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Five questions about Brexit's impact on expats (and a few answers)
Is it actually happening?
"Yes, Brexit will happen," says Alan Campbell, deputy head of mission at the British Embassy in Brussels. "A lot of people may have seen some newspaper comments about the language we've been using since the referendum, that 'Brexit means Brexit'. The reason that line has been used so frequently is that the referendum has happened, we will be leaving the EU and it will be happening."
"What we want to end up with is a mature, cooperative relationship with the EU going forward," says Campbell. He adds that there is "an awful lot of work being done" to make sure that "when we start negotiations we start in the right way."
What will happen to British staff in the EU institutions?
"The issue is about career development rather than job loss," according to Josephine Wood, chair of Brussels Labour. On the morning of the Brexit vote, European Commission president Jean-Claude Juncker wrote to all staff. "He said, and I think it's a nice line, you left your national hat at the door when you joined in the institutions and that door is not closing now," says Wood.
"Basically you were recruited as European citizens, not British nationals. We have cases of Norwegians who joined the European institutions who are still working." The issue for British EU civil servants, she says, is "will you be able to legitimately have a career path and what are your prospects in the institutions?"
Can Britons with the special ID card apply for Belgian citizenship?
The short answer - for now - is no, says Wood. "It will not give you Belgian citizenship. You have to start the clock again from zero and get five years [residency]. The European Commission is not happy about this. There are conversations going on with the Belgian government about this."
Wood says she has also heard of expats who were declined Belgian nationality because they could not prove active involvement in Belgian local life. "You've got to think about it from the Belgian government perspective," she says. "They could be about to take on full responsibility until your death for thousands of people. That's a huge cost of health, pensions etc. They need to think about whether they want to take on this extra population."
She adds that, instead of the term expat, "I think we should start calling ourselves migrant workers ... we're bargaining chips."
Can Britons in Belgium turn to the embassy for answers?
Not yet, it seems. The embassy was unable to answer many of the audience questions on the night, ranging from Erasmus student exchange schemes to cross-border pension rights.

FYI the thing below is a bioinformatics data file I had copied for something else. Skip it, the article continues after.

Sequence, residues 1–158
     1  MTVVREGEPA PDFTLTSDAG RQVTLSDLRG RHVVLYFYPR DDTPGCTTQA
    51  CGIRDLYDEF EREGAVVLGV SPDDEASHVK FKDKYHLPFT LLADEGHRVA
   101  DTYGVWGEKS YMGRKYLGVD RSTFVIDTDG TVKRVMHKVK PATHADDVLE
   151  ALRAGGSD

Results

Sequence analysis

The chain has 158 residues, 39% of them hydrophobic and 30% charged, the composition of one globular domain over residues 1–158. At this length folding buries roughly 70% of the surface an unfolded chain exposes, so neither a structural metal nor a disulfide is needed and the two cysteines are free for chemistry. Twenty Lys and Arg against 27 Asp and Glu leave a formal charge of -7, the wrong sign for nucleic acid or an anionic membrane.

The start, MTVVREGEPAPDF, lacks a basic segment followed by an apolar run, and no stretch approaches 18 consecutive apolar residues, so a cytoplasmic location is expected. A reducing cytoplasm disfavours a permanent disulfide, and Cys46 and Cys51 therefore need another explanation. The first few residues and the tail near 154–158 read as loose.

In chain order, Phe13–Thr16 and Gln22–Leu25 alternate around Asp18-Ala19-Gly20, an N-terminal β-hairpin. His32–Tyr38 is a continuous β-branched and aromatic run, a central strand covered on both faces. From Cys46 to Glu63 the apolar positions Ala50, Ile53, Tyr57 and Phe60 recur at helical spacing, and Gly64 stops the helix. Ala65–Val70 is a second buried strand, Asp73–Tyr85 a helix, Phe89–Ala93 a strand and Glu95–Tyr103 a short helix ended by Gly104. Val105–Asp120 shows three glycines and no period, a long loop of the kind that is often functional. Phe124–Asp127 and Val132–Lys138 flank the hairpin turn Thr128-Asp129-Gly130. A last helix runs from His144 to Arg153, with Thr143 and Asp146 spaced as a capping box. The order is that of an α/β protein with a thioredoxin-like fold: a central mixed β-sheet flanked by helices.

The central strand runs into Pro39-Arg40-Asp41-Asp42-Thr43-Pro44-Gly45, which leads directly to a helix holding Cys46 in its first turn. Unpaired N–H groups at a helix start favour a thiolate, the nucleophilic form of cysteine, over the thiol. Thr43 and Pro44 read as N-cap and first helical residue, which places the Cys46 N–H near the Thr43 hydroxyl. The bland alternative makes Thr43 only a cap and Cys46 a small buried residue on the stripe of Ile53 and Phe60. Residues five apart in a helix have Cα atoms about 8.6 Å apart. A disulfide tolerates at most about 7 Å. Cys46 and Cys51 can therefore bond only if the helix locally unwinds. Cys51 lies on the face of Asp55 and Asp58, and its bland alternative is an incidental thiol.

"What we will try to do, as the negotiations continue, is that we will inform the British community," says Alan Campbell at the British Embassy. "There is a commitment certainly from the embassy and the ambassador to feed out information. We want to make sure people make informed decisions. It's going to be challenging but we should approach this in a positive way. We know that there's uncertainty. We at the embassy will try our best to inform you to try to reduce that uncertainty."
What is Brussels doing to attract post-Brexit business?
Unlike Paris, Frankfurt and Dublin, which have already started touting for British business, Brussels has no plans at this stage to actively organise trade shows to drum up interest in moving here, says Jan De Brabanter, secretary general at the Brussels Chamber of Commerce. But there are clearly discussions going on behind-the-scenes to make sure Belgium is as attractive as possible for business.
"In Brussels, we have lots to offer investors," he says. "If they decide to move and settle down on the continent, of course they are welcome in Belgium. We will try to convince them that Brussels has a lot of opportunities and multilingual, highly educated people who are of course interested in having jobs."
Competition to attract post-Brexit business is tough, he says. "We have to change a lot in Brussels. One of the topics we are dealing with right now - on a regional and federal level - is to make it possible that English could become an administrative language. That way we could attract UK businesses to the continent. If it would be possible to have people hired and offer them a contract in English it could be a benefit for everyone."